“Follow the money.” This was the advice given by an informant on how to discover who was behind the Watergate break-in, as portrayed in the 1976 movie All the President’s Men.
The suggestion is still sound, and following the financial connection between pro-war pundits and defense contractors reveals relationships between the two that have borne deadly offspring.
From President Obama’s promise to “degrade and ultimately defeat ISIL,” to the ubiquitous appearance of former generals on cable news shows, all calling for a U.S. military response to the alleged threat, the war drums are constantly sounding in the ears of Americans.
One example of the promotion from former brass to send in the armed forces to combat ISIL came from retired Marine General Anthony Zinni, who reportedly recommended putting “as many as 100,000 boots on the ground in Iraq” and using “special operations forces or CIA operatives on the ground there to get detailed intelligence.”
A similar suggestion, highlighted by an article in The Nation, is made by retired General Jack Keane who reportedly recommends “‘offensive’ air strikes and the deployment of more military advisers to the region.”
Generals put out to pasture longing for the glory days of battle is not newsworthy, though. What is worth noting, however, is the ties these hawks have to the manufacturers of military materiel.
Consider as evidence of this unholy alliance the case of Jack Keane. The Nation, in an article posted September 12 entitled “Who’s Paying the Pro-War Pundits” by Lee Fang, provides the following synopsis of his practically unreported alliance between war promoter and war goods producer:
Keane has appeared on Fox News at least nine times over the last two months to promote the idea that the best way to stop ISIS is through military action — in particular, through air strikes deep into ISIS-held territory. In one of the only congressional hearings about ISIS over the summer, Keane was there to testify and call for more American military engagement. On Wednesday evening, Keane declared President Obama’s speech on defeating ISIS insufficient, arguing that a bolder strategy is necessary. “I truly believe we need to put special operation forces in there,” he told host Megyn Kelly.
Left unsaid during his media appearances (and left unmentioned on his congressional witness disclosure form) are Keane’s other gigs: as special adviser to Academi, the contractor formerly known as Blackwater; as a board member to tank and aircraft manufacturer General Dynamics; a “venture partner” to SCP Partners, an investment firm that partners with defense contractors, including XVionics, an “operations management decision support system” company used in Air Force drone training; and as president of his own consulting firm, GSI LLC.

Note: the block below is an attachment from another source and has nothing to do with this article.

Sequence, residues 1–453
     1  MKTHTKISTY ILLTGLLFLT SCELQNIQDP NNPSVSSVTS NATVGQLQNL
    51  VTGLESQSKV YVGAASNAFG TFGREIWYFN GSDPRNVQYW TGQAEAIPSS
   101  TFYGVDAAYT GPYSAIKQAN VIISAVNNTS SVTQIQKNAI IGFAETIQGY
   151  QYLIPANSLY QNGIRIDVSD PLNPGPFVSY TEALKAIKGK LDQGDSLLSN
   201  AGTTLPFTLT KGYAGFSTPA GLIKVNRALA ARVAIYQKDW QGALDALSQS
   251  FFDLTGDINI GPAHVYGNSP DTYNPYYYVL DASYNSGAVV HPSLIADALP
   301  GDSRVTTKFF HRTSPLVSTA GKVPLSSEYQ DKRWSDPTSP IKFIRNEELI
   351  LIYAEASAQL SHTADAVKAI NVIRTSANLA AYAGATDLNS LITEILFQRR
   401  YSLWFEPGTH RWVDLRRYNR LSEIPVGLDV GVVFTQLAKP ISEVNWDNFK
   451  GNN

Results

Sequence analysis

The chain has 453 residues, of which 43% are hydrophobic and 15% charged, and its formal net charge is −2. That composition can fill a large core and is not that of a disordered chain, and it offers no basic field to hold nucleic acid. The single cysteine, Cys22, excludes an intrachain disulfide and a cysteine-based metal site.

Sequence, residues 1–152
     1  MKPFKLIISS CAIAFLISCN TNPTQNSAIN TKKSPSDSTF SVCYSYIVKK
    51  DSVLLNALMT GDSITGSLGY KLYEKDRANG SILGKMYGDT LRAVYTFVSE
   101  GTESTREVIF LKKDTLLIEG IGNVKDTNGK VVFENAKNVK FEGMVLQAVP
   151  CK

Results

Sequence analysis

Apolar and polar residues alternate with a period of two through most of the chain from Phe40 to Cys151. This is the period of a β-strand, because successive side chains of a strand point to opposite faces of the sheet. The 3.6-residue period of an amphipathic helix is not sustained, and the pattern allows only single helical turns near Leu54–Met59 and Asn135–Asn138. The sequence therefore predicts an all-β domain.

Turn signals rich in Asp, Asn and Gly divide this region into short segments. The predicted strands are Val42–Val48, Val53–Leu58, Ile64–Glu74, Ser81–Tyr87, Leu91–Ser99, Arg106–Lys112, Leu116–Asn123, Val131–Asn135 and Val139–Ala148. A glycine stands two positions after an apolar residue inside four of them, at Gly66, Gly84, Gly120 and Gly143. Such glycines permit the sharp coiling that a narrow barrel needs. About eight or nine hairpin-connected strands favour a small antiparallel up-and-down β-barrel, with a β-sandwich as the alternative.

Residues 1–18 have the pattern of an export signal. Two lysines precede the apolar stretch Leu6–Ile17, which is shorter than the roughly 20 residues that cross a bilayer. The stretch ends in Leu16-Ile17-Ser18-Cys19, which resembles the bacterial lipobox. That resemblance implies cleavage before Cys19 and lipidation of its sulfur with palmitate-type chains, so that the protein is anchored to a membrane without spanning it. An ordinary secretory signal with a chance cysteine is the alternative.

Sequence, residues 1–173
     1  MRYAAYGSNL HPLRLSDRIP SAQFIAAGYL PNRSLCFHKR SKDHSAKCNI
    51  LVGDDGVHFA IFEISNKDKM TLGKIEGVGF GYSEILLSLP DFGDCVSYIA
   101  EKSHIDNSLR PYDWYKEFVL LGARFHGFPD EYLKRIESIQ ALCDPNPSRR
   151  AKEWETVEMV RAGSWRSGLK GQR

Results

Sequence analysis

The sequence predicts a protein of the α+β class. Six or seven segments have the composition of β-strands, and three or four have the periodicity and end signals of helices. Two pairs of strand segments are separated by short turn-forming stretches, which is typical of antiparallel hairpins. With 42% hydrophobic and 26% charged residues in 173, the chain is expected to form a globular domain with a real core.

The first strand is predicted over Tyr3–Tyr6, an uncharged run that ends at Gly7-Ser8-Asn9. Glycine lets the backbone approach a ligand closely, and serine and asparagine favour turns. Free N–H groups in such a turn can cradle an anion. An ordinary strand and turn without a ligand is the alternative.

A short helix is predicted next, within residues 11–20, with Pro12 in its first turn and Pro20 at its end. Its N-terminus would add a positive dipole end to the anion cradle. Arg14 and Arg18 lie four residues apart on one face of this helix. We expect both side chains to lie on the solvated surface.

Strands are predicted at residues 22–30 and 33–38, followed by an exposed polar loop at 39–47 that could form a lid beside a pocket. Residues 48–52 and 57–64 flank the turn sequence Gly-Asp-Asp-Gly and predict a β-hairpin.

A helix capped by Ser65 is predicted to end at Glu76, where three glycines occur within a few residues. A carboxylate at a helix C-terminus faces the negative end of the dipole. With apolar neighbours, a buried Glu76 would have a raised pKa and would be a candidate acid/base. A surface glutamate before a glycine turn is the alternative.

To portray Keane as simply a think tank leader and a former military official, as the media have done, obscures a fairly lucrative career in the contracting world. For the General Dynamics role alone, Keane has been paid a six-figure salary in cash and stock options since he joined the firm in 2004; last year, General Dynamics paid him $258,006.
With this in mind, it would appear that expansion of the “War on Terror” is less a foreign policy trajectory and more of a marketing tactic of the immense (and every expanding) military-industrial-intelligence complex and the corps of congressmen that act as salesman staking out new territories for the deadly inventory manufactured by the defense contractors. This expansion of the market makes money, much of which finds its way into the campaign coffers of dozens of influential lawmakers on Capitol Hill.
In fairness to Keane, he’s not the only war-promoting pundit to be lining his pockets with Pentagon contractor cash. The aforementioned Anthony Zinni is in on the deal, as well. Again, as reported by The Nation:
Retired General Anthony Zinni, perhaps the loudest advocate of a large deployment of American soliders into the region to fight ISIS, is a board member to BAE Systems’ US subsidiary, and also works for several military-focused private equity firms.
There are other examples, but the question that is relevant given the bloody result of the recommendations made by these retired generals (thousands of dead American military men and women have been offered on the altar of Pax Americana) is whether the media should feel compelled to disclose the corporate connection between those chosen by producers to opine on the need for combat action against ISIL or any other supposed threat.
Remarkably, one of the country’s most prominent news outlets, the New York Times, relies on information provided by the Institute for the Study of War (ISW), an organization with a familiar name as chairman of the Board: Jack Keane.
Consider The Nation’s concerns with this incestuous incitement to send American servicemen to die in another unconstitutional, undeclared, unnecessary Middle Eastern morass:
The Times has not mentioned Keane’s potential conflict of interest or that ISW may have a vested stake in its policy positions. The Public Accountability Initiative notes that ISW’s corporate sponsors represent “a who’s who of the defense industry and includes Raytheon, SAIC, Palantir, General Dynamics, CACI, Northrop Grumman, DynCorp, and L-3 Communication.” As the business network CNBC reported this week, Raytheon in particular has much to gain from escalation in Iraq, as the company produces many of the missiles and radar equipment used in airstrikes….